Speaking in court, Long said that he had frequented the spas and considered killing himself before the attack, but described shifting blame from himself to those inside the spa, reports the Atlanta Journal Constitution. 

“I wanted to stop the places and basically punish the people that I could…,” Long told the judge.

Long said he killed Michels first after seeing him come out of a bathroom and then continued the deadly rampage, saying he didn’t recognize any of the victims, the paper reports.

“I don’t recall thinking much after I pulled the trigger first,” Long said. “My mind felt like it was blank.”  

According to the paper, Michels’ widow Bonnie Michels told the judge she had been married to her husband, a business owner who served in the Army, for 24 years and had planned to grow old with him. A surviving victim who was shot and wounded, Elcias Hernandez-Ortiz, said he is thankful to God that he is alive, but the aftermath has been difficult for him and his family, including a 10-year-old daughter.

Wallace said they had planned to seek the death penalty if Long didn’t plead guilty. All the relatives of the victims that they’ve been able to contact are supporting the plea deal in the interests of swift justice, she added.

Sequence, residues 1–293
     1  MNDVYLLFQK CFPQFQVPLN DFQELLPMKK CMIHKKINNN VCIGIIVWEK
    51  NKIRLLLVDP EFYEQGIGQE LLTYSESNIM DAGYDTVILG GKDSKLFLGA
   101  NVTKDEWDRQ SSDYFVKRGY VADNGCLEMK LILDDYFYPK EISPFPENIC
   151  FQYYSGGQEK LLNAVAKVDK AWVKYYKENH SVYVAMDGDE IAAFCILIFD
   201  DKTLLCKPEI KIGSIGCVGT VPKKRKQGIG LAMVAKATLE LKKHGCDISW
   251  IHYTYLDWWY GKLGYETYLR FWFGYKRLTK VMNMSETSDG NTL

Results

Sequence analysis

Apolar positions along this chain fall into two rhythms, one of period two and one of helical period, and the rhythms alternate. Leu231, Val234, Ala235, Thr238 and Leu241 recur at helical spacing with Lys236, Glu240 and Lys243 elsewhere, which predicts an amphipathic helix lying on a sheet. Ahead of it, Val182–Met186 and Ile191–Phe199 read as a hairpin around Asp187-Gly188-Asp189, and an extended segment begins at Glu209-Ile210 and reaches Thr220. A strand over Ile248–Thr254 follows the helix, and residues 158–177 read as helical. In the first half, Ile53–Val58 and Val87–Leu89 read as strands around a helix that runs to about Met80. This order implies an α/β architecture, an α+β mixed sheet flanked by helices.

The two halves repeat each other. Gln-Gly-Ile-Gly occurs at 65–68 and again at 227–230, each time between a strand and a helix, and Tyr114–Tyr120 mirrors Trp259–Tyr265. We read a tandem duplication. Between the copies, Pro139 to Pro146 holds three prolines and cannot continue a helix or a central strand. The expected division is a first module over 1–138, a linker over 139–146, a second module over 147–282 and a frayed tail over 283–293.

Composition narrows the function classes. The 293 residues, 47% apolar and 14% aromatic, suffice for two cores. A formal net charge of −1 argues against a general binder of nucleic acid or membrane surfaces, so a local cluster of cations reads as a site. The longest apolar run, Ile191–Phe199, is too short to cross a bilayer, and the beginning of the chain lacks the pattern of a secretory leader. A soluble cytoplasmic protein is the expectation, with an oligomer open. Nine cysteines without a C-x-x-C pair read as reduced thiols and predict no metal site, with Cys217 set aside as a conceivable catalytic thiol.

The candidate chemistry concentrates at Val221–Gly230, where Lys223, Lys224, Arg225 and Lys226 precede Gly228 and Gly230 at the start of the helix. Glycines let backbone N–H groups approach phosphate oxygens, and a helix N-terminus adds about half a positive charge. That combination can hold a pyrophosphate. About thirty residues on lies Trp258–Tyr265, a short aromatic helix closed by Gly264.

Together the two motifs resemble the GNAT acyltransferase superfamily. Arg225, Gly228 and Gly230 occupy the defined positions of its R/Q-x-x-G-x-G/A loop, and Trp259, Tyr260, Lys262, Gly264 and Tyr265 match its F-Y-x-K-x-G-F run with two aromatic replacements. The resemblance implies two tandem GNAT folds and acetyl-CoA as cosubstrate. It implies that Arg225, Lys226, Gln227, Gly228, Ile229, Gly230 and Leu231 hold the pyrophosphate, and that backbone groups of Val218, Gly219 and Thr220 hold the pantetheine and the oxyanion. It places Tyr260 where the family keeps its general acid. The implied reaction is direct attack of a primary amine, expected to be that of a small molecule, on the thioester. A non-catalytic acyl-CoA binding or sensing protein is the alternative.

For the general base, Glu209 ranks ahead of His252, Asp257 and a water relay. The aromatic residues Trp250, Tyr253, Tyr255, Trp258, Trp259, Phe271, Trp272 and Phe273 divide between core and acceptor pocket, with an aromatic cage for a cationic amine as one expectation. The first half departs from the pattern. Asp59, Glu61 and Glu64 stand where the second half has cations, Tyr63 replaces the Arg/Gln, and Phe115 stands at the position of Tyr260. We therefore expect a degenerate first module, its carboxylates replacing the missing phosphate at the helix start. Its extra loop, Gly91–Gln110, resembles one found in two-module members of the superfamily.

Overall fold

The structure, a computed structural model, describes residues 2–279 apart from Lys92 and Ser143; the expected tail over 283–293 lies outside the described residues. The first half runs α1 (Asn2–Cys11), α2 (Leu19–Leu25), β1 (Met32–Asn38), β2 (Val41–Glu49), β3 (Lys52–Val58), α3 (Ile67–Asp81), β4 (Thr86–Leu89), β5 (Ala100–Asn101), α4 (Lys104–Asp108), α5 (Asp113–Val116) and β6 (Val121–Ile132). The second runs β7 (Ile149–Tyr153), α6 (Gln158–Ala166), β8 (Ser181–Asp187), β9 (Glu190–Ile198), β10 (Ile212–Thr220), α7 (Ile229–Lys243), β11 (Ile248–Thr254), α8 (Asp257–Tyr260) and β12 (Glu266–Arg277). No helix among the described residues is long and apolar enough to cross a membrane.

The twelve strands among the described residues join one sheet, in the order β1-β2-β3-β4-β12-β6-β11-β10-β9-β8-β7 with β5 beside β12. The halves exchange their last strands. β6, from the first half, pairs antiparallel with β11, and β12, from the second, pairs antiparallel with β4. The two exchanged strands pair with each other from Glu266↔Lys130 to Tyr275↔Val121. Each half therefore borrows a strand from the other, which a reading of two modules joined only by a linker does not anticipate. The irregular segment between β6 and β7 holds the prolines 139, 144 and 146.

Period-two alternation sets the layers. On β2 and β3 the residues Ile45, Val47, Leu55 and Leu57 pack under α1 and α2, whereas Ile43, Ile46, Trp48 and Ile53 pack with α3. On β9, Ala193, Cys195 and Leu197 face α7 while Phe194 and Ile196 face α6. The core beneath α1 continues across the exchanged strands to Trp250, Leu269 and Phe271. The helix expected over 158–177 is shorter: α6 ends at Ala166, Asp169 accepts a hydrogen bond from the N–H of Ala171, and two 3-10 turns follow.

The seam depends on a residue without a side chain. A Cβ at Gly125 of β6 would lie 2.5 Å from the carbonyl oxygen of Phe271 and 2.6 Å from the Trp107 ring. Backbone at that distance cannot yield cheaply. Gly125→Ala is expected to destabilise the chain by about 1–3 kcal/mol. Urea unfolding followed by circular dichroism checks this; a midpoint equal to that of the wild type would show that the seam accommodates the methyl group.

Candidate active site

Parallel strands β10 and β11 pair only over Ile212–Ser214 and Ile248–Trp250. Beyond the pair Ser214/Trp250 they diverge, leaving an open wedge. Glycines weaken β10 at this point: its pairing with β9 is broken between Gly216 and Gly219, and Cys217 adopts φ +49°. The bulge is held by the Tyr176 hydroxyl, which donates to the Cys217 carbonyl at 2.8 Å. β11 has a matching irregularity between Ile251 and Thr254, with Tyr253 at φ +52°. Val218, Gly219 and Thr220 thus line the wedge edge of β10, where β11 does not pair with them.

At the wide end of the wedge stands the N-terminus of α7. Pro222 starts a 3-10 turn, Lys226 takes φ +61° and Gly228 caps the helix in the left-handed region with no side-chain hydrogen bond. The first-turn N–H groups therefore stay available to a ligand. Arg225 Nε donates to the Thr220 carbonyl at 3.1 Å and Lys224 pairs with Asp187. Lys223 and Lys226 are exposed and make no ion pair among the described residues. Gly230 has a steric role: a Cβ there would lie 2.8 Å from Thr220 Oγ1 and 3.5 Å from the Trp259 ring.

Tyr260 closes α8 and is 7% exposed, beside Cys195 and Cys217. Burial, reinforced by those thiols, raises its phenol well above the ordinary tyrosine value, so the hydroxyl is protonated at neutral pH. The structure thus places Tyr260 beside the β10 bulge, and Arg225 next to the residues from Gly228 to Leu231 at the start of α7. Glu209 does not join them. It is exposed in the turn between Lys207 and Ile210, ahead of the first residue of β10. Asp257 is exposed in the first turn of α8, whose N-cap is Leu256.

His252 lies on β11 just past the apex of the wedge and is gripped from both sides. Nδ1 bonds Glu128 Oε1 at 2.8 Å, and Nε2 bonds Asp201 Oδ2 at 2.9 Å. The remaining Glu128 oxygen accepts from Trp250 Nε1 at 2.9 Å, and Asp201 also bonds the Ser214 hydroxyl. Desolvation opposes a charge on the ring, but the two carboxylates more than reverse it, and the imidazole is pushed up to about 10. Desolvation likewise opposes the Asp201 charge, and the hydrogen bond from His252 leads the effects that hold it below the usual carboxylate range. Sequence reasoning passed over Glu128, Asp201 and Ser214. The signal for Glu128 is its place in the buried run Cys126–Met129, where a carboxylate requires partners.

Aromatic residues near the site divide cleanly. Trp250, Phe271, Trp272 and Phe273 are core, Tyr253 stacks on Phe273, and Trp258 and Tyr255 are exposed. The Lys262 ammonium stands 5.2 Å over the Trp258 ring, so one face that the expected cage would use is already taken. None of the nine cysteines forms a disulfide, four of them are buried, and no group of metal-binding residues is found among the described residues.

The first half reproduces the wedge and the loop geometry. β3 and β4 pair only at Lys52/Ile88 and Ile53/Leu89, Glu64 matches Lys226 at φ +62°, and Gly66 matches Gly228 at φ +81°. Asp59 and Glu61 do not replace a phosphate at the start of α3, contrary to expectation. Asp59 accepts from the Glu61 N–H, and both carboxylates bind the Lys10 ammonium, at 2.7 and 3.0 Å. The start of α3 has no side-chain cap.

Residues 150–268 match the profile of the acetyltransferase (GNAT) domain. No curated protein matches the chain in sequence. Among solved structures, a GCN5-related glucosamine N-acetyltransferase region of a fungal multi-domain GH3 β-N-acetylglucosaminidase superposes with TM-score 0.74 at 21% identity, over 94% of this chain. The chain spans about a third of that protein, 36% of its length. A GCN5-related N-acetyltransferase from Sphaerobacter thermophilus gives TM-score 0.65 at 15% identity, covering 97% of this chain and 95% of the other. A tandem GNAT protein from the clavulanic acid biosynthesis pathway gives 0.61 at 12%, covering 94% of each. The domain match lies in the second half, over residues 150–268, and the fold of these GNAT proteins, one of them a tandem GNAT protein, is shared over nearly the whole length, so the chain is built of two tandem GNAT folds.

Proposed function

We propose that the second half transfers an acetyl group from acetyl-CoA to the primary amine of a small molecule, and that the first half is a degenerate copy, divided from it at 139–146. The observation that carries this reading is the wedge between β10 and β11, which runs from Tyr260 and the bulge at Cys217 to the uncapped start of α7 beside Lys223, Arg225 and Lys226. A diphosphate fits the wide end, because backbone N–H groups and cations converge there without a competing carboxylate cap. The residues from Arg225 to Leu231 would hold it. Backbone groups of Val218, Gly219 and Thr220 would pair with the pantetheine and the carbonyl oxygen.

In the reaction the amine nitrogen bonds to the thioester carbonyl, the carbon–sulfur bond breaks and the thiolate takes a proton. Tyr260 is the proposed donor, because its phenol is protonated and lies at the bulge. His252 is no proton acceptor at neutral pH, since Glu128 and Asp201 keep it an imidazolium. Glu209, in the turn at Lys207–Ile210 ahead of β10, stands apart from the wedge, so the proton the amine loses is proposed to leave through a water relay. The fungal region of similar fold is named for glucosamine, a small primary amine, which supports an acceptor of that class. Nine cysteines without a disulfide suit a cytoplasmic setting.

Police have said the attacks began when Long shot and killed four people, three of them women and two of Asian descent, at Youngs Asian Massage just before 5 p.m. on March 16, 2020. He also shot and wounded a fifth person, they say.

Long then drove south to Atlanta, where he shot and killed three women at Gold Spa before going across the the street to Aromatherapy Spa and fatally shooting another woman, police said. All of the Atlanta victims were women of Asian descent.

Georgia’s new hate crimes law does not provide for a stand-alone hate crime. After a person is convicted of an underlying crime, a jury must determine whether it’s motivated by bias, which carries an additional penalty.

The 19-count Fulton County indictment includes charges of murder, felony murder, aggravated assault and domestic terrorism.